It would be very easy for me to think in terms of the last year being merely about going through an illness and putting up with the unpleasantness and suffering involved, and then just getting on with life now I am recovered. Yet I don’t actually believe that for one moment. It was about going through an illness, of course, and therefore also about putting up with it, but for us as God’s people we must always take into account what is going on behind the scenes between the Lord and His angelic armies and Satan and his hordes of demons, in order that we get the complete picture. And the complete picture is that I had the honour of being placed into a situation whereby I had the practical opportunity to demonstrate whether or not I loved the Lord for Himself alone, and not merely for the benefits that being a Christian bestows. Whether, by God’s grace, I succeeded in this or not is, of course, for others, and ultimately for the Lord and Satan, to judge. But I was at least granted the opportunity, and for that I am thankful.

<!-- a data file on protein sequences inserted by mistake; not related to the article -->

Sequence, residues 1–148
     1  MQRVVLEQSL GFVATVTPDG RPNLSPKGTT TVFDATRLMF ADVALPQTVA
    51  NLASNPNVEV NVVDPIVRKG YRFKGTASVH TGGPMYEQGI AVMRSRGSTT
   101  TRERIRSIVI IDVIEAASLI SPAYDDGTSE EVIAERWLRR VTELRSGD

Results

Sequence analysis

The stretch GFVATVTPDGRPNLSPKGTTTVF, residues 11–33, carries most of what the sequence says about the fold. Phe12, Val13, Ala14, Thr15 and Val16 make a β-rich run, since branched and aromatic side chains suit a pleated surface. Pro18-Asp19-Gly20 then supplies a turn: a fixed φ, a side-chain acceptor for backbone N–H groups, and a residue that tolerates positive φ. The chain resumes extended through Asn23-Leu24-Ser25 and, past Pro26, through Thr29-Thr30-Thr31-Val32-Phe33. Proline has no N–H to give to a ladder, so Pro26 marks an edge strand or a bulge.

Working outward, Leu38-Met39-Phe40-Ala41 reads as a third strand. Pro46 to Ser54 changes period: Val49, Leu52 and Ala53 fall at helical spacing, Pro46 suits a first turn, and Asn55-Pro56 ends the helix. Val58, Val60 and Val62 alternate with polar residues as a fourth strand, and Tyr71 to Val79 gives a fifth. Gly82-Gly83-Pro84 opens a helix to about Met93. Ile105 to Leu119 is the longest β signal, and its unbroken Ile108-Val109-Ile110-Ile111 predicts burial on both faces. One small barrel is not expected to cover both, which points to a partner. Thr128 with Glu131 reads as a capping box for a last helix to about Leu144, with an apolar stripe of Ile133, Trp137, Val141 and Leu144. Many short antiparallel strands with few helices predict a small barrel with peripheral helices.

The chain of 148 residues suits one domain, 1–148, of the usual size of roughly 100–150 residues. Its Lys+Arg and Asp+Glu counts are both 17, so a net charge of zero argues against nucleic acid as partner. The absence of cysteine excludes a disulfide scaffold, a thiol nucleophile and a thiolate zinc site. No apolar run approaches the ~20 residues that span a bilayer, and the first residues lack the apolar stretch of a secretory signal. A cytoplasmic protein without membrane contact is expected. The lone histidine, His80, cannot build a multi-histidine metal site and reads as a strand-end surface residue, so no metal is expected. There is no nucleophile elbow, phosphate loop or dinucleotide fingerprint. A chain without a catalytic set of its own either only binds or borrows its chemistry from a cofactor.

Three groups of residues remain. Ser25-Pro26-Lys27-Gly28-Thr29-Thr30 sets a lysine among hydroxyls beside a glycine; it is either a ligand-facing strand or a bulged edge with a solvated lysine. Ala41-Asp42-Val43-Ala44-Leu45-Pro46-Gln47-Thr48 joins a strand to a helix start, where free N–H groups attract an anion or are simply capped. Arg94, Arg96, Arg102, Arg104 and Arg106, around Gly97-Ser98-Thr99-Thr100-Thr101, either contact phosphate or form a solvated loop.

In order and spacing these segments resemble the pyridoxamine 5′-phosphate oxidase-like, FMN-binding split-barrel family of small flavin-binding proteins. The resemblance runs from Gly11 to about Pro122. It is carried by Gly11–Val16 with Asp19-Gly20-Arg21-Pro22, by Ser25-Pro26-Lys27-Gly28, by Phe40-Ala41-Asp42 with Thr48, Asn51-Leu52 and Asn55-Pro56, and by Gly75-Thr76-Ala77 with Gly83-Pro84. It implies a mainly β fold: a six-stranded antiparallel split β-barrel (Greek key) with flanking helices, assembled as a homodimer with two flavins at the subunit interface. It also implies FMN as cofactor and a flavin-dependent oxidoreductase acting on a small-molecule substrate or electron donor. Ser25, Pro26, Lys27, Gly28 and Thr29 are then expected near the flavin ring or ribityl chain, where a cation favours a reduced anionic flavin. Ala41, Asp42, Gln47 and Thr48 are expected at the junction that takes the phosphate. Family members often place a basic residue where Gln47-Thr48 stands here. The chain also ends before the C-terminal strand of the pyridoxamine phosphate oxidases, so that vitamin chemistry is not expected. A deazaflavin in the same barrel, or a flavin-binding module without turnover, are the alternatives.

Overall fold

But there was another aspect to what Job went through too, and as well as giving Satan such a grand demonstration of his love for God and his faithfulness to Him even through such a bad time, he also got the opportunity for spiritual growth and maturing that only trials on somewhat of a grand scale can provide. At the very zenith of the suffering he was going through he declared, “I have heard of thee by the hearing of the ear: but now mine eye seeth thee. Wherefore I abhor myself, and repent in dust and ashes.”